An abecedarius is a poem in which each line or stanza begins with a successive letter of the alphabet. Though in modern societies abecedarii are usually thought of as childish, there is a long history of quite serious abecedarian poetry, including several biblical Psalms (in Hebrew). There are also examples in Classical and Hellenistic Greek, Medieval Latin (St. Augustine), Byzantine Greek, and Middle English (Chaucer).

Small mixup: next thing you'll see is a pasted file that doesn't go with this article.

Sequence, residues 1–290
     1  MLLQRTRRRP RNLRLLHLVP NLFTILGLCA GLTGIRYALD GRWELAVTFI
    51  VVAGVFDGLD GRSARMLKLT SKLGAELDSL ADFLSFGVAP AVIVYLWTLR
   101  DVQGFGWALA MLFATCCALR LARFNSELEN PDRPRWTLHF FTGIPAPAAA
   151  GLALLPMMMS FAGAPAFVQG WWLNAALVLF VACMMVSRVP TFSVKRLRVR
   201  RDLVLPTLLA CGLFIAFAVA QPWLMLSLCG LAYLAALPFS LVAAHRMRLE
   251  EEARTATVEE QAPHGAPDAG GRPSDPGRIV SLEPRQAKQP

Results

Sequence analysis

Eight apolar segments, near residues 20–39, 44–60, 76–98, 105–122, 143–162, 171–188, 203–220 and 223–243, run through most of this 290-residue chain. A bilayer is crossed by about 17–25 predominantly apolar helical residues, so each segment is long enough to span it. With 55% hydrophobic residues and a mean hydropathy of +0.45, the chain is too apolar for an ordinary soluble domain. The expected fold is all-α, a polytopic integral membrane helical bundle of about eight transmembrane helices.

To conceive of how this type of form had significance, we can liken it to numerology, in which numbers are given mystical meaning. Historically, alphabets have sometimes been given similar significance, which explains why abecedarii are often religious in nature.
One famous example of an abecedarius is Chaucer’s “An ABC,” which is made of 26 eight-line stanzas, each beginning with a successive letter of the English alphabet.